Thursday, February 12, 2015

Little Gift For Valentine's Day

I thought I'd show you this little gift I put together for my co-teacher for Valentine's Day. 

Ummm, I was at the store earlier today but totally forgot about getting her a little something! So tonight, I looked through my  gift stash to see if I had anything that she would enjoy. We are celebrating Valentine's Day at work tomorrow.

So I found a pink set of homemade hand warmers, some strawberry gum in my pantry (it's fresh!) and a couple candy canes I hot glued together to make a heart.

She loves pink, her hands are often cold and she likes peppermint and chewing gum. 

How's that for gift giving rationale? Ha! 

I dressed up a plain tiny gift bag with some trim and a thrifted crocheted flower (like I used here). Hot glue gun to the rescue! 

A small gift but something cute that says, "I'm thinking of you!" 

Wednesday, February 11, 2015

Lasagna Gardening, Take 1

Saturday was a beautiful sunny day, perfect for working in our garden!

I've been interested in lasagna gardening for several years. Lasagna gardening is a no dig, no till method of gardening. Instead of digging and tilling dirt, one makes layers of peat moss and other soil enriching components. Basically, you can take a hard piece of ground, put newspapers down to kill the existing grass/weeds, then layer the other stuff on top--within months you will have a lovely rich soil to plant in.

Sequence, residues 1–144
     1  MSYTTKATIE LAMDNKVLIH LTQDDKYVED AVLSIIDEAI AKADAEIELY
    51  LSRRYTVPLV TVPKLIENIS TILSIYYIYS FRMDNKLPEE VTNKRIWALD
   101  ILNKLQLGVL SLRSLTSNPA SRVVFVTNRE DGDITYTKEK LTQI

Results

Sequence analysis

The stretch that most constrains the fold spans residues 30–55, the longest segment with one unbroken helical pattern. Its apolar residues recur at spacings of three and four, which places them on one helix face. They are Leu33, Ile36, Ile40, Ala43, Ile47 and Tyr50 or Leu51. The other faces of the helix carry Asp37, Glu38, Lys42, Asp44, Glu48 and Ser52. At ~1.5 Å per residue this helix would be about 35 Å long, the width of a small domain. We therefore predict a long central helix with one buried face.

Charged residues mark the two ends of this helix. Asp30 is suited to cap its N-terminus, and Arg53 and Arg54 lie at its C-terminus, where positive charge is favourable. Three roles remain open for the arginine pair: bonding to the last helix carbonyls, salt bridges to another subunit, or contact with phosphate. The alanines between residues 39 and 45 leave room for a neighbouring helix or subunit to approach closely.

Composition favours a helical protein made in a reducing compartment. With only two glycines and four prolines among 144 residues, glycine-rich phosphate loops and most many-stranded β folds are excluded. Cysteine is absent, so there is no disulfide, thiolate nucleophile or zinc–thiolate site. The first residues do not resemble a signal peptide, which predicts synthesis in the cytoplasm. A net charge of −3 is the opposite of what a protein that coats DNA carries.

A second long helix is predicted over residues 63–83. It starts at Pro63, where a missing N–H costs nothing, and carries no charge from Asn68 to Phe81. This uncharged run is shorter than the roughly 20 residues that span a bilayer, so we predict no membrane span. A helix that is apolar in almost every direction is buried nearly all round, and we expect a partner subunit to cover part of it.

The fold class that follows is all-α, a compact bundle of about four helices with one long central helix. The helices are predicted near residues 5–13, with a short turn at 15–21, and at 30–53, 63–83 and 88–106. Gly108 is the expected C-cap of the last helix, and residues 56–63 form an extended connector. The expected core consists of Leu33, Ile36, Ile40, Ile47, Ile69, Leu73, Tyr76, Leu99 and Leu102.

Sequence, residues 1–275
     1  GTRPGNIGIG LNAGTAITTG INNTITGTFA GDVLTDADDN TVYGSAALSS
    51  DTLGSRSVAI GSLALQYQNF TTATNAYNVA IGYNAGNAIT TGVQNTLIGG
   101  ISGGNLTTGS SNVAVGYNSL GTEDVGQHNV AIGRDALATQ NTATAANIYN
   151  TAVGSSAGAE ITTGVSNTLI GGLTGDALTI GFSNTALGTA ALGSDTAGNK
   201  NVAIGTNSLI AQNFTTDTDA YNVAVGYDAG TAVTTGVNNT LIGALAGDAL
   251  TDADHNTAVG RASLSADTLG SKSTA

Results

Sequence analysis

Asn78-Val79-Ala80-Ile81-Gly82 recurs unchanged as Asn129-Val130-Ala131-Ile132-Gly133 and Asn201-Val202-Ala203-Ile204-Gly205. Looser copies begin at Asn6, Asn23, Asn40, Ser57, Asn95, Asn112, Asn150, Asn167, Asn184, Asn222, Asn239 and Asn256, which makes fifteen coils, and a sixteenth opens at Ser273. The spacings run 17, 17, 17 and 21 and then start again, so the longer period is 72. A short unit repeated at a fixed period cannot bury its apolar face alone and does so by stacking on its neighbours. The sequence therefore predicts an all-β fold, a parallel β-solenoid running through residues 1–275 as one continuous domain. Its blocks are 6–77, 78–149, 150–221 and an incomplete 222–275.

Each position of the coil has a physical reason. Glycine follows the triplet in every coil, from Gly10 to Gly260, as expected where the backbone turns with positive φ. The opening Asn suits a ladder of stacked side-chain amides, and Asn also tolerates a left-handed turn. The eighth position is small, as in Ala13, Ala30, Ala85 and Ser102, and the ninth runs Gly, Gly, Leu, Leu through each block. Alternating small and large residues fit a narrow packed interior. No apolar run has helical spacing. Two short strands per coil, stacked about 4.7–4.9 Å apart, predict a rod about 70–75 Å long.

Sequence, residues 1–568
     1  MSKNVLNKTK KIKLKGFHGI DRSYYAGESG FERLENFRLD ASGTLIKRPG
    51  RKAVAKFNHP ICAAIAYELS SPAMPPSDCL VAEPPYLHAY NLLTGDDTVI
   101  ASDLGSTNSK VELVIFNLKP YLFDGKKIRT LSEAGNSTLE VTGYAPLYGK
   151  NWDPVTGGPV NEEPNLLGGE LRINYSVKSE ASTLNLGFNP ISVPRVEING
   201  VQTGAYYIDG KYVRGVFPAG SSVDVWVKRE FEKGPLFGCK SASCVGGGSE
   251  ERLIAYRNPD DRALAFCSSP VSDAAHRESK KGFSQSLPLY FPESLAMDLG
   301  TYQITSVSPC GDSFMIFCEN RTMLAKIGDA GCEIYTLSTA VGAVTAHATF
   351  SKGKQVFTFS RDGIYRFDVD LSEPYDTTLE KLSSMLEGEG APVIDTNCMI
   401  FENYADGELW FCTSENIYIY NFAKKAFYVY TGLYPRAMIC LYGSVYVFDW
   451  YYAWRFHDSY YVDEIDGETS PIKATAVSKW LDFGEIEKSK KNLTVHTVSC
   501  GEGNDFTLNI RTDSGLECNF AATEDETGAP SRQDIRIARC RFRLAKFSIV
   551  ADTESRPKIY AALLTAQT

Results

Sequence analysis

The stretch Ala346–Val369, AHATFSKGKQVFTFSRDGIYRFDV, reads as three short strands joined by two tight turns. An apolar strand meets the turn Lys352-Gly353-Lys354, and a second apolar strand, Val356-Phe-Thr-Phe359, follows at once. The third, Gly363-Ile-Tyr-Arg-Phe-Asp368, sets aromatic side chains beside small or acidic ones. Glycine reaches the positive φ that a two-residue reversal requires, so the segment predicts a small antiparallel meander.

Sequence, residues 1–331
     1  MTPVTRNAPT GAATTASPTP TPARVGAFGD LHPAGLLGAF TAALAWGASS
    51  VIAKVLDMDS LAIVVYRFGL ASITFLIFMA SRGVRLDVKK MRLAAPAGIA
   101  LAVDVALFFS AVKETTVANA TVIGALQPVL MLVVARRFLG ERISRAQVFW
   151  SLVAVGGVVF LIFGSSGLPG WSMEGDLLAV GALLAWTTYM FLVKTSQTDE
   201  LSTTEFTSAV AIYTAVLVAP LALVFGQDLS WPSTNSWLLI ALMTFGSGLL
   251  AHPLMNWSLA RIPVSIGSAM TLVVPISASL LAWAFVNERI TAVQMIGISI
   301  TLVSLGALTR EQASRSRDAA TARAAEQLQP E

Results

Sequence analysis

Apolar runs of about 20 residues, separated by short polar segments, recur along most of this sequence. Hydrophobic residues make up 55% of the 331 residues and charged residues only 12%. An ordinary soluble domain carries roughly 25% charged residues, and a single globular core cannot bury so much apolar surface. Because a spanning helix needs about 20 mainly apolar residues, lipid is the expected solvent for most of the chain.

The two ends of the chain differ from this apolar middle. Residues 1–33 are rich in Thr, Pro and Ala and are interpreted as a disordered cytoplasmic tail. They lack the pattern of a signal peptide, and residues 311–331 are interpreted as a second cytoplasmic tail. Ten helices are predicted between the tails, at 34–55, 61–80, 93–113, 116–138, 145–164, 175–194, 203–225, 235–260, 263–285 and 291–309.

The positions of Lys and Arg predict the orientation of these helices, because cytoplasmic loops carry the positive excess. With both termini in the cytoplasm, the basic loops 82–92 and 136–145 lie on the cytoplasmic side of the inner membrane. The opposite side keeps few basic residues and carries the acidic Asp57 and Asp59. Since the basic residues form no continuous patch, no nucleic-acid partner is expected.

Andy gave me the book Lasagna Gardening for my birthday last year. So I've been itching to get started!

We started with our existing garden plot which has wonderful soil but lots of aggressive weeds.

First step is to soak newspapers and then put thick pads of them all over the soil. I had Andy's parents save newspapers for me and also got a big box of them from a lady via Freecycle.

 The second step was to pour a layer of peat moss down. I sectioned the garden into quarters and used cardboard to mark off a path.  Looks like a cross, doesn't it? I had to make another trip to Farmer's Exchange to pick up an additional bale of peat moss. By the time this is done, we'll be on first name basis. ;-)
Next, I made layers of compost, grass clippings and a sprinkling of bonemeal--all stuff we had already. No picture of these layers, because....ewww! Not all my compost is fully decomposed. I covered this with a thick layer of straw. I only used about 1/2 a bale so straw is a cost effective addition to the lasagna garden at only $5 a bale.

The garden is smelling lovely at this point...

 I started putting mulch that we already had on hand over the path area to make it look nicer. Apparently, I didn't get a picture of that...

Done for today with layering. Last step is to cover everything with black plastic and secure it. Not only will covering it help the layers to "cook" and decompose, it will also help to deter a very nosy dog who finds compost and bonemeal to be quite delightful.;-)

I'll be adding more layers in the coming weeks--more peat moss, compost, straw, etc.

Stay tuned for more adventures in Lasagna gardening!

This is our first time using this method so if you have experience with this, please share!

And my sincere apologies to my readers who are covered in snow...;-)